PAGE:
Wednesday, April 13, 2016

The Time Ted Cruz Defended a Ban on Dildos

Finding all of the examples of Republican politicians pandering  and selling their souls to Christofascists is an almost endless task and would be utterly exhausting.  I do my best, but as a part time blogger, my time is limited. Thankfully, sites like Mother Jones - Joe My God does a wonderful job as well - make the task more simple because they do such a great job in exposing GOP batshitery.  A case in point is the Mother Jones piece that looks at Ted Cruz's crusade against dildos.  Yes, dildos.  It would be hard to make up stuff this insane, but not when you are dealing with Christofascists and their political whores in the Republican Party. Here are article highlights (read the entire piece):

In one chapter of his campaign book, A Time for Truth, Sen. Ted Cruz proudly chronicles his days as a Texas solicitor general, a post he held from 2003 to 2008. Bolstering his conservative cred, the Republican presidential candidate notes that during his stint as the state's chief lawyer, in front of the Supreme Court and federal and state appellate courts . . . . Yet one case he does not mention is the time he helped defend a law criminalizing the sale of dildos.
The case was actually an important battle concerning privacy and free-speech rights. In 2004, companies that owned Austin stores selling sex toys and a retail distributor of such products challenged a Texas law outlawing the sale and promotion of supposedly obscene devices. Under the law, a person who violated the statute could go to jail for up to two years. At the time, only three states—Mississippi, Alabama, and Virginia—had similar laws.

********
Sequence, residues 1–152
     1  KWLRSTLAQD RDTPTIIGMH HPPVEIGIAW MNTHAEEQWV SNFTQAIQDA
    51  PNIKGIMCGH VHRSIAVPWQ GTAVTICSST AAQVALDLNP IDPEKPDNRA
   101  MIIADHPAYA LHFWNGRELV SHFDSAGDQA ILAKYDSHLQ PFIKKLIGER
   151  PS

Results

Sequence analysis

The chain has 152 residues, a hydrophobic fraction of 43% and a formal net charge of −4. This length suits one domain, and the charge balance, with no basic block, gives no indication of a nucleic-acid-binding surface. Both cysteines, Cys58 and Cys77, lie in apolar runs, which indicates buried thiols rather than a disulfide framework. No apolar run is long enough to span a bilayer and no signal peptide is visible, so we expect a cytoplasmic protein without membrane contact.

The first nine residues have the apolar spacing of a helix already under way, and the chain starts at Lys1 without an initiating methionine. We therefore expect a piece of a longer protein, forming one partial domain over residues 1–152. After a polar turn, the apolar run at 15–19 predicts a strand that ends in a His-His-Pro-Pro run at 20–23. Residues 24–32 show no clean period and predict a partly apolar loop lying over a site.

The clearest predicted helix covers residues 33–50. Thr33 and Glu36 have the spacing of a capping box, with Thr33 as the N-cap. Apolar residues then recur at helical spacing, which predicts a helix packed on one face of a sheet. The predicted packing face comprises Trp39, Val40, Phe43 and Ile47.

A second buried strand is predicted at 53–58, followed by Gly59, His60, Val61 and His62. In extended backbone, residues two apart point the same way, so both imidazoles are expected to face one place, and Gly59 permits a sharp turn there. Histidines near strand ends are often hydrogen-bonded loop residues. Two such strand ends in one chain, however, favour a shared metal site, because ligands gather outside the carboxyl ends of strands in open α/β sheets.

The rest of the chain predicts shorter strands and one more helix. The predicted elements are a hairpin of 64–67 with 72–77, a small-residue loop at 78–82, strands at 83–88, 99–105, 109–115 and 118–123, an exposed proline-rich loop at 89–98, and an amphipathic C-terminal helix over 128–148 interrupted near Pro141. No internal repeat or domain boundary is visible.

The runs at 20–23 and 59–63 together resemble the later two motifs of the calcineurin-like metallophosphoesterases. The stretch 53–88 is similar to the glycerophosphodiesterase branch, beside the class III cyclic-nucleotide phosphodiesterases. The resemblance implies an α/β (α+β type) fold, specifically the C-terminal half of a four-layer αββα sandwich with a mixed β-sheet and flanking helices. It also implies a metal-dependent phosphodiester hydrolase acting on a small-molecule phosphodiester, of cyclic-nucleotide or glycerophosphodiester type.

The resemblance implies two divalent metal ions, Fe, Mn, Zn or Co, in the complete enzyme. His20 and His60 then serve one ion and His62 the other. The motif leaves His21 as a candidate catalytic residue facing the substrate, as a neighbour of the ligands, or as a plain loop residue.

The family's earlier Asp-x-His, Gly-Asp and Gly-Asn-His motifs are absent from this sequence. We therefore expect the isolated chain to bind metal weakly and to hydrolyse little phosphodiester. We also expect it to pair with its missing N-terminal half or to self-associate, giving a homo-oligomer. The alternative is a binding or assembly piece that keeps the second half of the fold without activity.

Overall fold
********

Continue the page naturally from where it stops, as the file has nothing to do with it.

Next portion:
The plaintiffs in the sex device case contended the state law violated the right to privacy under the 14th Amendment. They argued that many people in Texas used sexual devices as an aspect of their sexual experiences. They claimed that in some instances one partner in a couple might be physically unable to engage in intercourse or have a contagious disease (such as HIV), and that in these cases such devices could allow a couple to engage in safe sex.
In 2007, Cruz's legal team, working on behalf of then-Attorney General Greg Abbott (who now is the governor), filed a 76-page brief calling on the US Court of Appeals for the 5th Circuit to uphold the lower court's decision and permit the law to stand. The filing noted, "The Texas Penal Code prohibits the advertisement and sale of dildos, artificial vaginas, and other obscene devices" but does not "forbid the private use of such devices." The plaintiffs had argued that this case was similar to Lawrence v. Texas, the landmark 2003 Supreme Court decision that struck down Texas' law against sodomy. But Cruz's office countered that Lawrence "focused on interpersonal relationships and the privacy of the home" and that the law being challenged did not block the "private use of obscene devices." . . . . In other words, Texans were free to use sex toys at home, but they did not have the right to buy them.